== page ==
Passive solar windows heat up in cold weather

October 24, 2017 by Lisa Zyga, Phys.org feature
(a) Artistic depiction of a nanoantenna surface. (b) Scanning electron microscope micrograph of the nanoantennas. (c) Photographs of the new surface held against a window. Credit: Jӧnsson et al. ©2017 American Chemical Society

Researchers have developed a way to transform ordinary windows into solar-powered heaters that use the sun's energy to increase the window temperature by up to 8 K (nearly 15 °F) in cold weather. The researchers expect that the new solar thermal surfaces will lead to significant energy savings through reduced heating costs.

The scientists, led by Alexandre Dmitriev at the University of Gothenburg, along with coauthors from universities in Sweden, China, Iran, and the US, have published a paper on the solar thermal surfaces in a recent issue of Nano Letters.

"We've developed a surprisingly simple, cheap, and effective way to transform regular glass windows into solar-powered heat-screens that could significantly change the thermal balance of living and working spaces, especially if one thinks of the ever increasing amount of huge glass surfaces used in modern architecture," Dmitriev told Phys.org.

The new surfaces are yet another application of nanotechnology, as the main functional components are plasmonic nanoantennas. The tiny antennas are made of nickel-aluminum oxide sandwiches, shaped like nanoellipses, and patterned as an array onto glass. With the help of electron oscillations, or surface plasmons, on the surfaces of these materials, the nanoantennas strongly absorb light, which heats the entire surface.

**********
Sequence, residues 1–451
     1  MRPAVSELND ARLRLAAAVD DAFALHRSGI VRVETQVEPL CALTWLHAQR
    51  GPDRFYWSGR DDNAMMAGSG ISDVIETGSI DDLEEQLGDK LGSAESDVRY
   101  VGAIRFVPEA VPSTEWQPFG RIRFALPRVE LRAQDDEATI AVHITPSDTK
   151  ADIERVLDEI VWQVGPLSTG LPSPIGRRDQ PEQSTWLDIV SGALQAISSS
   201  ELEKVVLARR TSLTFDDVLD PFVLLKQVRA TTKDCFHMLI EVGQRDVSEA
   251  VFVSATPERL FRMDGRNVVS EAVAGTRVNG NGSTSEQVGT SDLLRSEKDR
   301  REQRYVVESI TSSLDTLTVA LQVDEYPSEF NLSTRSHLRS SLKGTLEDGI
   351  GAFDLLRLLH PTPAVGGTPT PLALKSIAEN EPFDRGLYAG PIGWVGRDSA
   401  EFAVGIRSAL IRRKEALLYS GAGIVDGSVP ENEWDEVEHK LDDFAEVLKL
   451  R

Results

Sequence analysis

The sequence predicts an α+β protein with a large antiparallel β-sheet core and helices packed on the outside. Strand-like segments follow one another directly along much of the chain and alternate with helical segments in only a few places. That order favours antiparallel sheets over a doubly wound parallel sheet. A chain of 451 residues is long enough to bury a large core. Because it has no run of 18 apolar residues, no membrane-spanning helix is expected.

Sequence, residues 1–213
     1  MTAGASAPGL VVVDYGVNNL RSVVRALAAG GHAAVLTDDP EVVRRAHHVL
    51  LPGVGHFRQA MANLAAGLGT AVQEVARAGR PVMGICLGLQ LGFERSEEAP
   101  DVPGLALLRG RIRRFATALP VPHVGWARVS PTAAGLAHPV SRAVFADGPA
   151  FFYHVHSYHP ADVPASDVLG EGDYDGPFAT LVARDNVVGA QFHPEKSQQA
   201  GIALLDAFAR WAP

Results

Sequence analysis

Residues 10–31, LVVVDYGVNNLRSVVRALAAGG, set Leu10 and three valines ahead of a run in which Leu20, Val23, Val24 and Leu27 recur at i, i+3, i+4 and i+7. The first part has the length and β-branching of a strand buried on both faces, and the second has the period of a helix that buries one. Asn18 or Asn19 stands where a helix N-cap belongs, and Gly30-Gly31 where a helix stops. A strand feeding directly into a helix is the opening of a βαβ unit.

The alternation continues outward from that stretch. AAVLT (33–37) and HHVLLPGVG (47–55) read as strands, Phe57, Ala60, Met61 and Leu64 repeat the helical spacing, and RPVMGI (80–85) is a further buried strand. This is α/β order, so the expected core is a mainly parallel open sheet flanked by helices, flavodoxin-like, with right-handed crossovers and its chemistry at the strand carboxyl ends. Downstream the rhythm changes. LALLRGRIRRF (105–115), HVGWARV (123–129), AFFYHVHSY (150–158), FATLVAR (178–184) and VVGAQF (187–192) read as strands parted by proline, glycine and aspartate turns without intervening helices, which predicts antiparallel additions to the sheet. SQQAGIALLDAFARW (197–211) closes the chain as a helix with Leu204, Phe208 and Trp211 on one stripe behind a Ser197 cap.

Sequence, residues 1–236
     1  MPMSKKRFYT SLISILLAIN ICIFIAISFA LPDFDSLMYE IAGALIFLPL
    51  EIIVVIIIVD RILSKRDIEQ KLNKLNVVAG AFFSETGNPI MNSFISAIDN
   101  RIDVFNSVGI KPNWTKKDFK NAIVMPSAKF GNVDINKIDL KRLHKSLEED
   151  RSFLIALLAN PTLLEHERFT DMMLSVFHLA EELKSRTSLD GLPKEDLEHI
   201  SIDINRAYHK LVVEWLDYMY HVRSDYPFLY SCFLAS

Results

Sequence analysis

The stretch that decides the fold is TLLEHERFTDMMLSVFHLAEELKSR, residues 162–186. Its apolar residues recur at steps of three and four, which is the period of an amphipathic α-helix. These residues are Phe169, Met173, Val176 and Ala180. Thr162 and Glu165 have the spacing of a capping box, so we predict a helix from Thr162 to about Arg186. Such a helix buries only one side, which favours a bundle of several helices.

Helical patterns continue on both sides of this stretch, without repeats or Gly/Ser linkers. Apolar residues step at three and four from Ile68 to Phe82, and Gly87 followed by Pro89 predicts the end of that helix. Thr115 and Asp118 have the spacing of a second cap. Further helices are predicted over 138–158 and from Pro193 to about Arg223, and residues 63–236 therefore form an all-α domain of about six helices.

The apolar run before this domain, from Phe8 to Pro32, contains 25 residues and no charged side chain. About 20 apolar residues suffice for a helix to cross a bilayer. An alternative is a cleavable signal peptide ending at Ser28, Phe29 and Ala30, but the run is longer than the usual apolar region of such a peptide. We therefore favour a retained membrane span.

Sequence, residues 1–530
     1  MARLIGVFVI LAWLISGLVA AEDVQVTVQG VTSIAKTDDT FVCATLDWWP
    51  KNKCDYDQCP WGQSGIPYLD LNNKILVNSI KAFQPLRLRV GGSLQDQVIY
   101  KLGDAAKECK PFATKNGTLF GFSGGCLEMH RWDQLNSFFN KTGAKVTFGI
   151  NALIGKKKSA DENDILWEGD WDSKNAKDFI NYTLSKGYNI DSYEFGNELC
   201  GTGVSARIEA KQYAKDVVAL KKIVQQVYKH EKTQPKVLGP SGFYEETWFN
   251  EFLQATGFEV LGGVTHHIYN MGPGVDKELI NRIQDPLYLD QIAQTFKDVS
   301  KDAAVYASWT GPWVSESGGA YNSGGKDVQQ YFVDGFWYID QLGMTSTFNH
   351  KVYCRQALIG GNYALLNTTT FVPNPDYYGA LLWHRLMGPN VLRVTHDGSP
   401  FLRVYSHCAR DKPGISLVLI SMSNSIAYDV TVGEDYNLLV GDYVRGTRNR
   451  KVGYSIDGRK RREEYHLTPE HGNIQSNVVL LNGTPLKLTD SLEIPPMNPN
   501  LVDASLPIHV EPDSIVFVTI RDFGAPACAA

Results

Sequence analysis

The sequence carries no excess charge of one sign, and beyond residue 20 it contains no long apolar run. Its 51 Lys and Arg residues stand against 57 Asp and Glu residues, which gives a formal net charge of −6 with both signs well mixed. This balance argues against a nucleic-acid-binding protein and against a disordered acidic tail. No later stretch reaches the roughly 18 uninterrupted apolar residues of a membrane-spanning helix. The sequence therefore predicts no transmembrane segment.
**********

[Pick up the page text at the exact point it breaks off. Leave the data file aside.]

In the new study the researchers demonstrated that, when sunlight shines on the surface, light is absorbed more efficiently from the front side (with the antennas) than the back side (the substrate). This directionality in light absorption makes the surfaces attractive for window applications, as sunlight can be absorbed most efficiently from the outside of the window. In addition, the surfaces are highly transparent, appear colorless, and almost completely preserve the color spectrum of sunlight.

As the researchers explain, cold windows have a larger impact on heating a building than might be expected. This is because, when a person sits next to a cold window, the person radiates their body heat toward the window and the window acts like a "heat sink." To compensate for this loss of heat, the indoor temperature needs to be increased to maintain a comfortable environment. As the new window surface can increase the temperature of the by several degrees, it has the potential to offer a large energy savings.